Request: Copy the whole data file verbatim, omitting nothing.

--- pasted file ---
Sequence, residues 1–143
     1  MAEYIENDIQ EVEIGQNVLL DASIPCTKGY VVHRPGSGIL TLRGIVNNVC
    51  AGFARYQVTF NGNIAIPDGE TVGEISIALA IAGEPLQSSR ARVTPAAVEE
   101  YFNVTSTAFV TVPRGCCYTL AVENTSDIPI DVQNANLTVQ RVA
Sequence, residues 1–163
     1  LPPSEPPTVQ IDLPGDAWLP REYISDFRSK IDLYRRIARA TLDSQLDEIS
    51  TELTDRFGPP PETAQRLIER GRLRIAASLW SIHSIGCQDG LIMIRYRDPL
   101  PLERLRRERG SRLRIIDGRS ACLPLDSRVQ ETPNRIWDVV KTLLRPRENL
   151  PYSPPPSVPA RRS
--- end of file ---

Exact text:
Sequence, residues 1–143
     1  MAEYIENDIQ EVEIGQNVLL DASIPCTKGY VVHRPGSGIL TLRGIVNNVC
    51  AGFARYQVTF NGNIAIPDGE TVGEISIALA IAGEPLQSSR ARVTPAAVEE
   101  YFNVTSTAFV TVPRGCCYTL AVENTSDIPI DVQNANLTVQ RVA
Sequence, residues 1–163
     1  LPPSEPPTVQ IDLPGDAWLP REYISDFRSK IDLYRRIARA TLDSQLDEIS
    51  TELTDRFGPP PETAQRLIER GRLRIAASLW SIHSIGCQDG LIMIRYRDPL
   101  PLERLRRERG SRLRIIDGRS ACLPLDSRVQ ETPNRIWDVV KTLLRPRENL
   151  PYSPPPSVPA RRS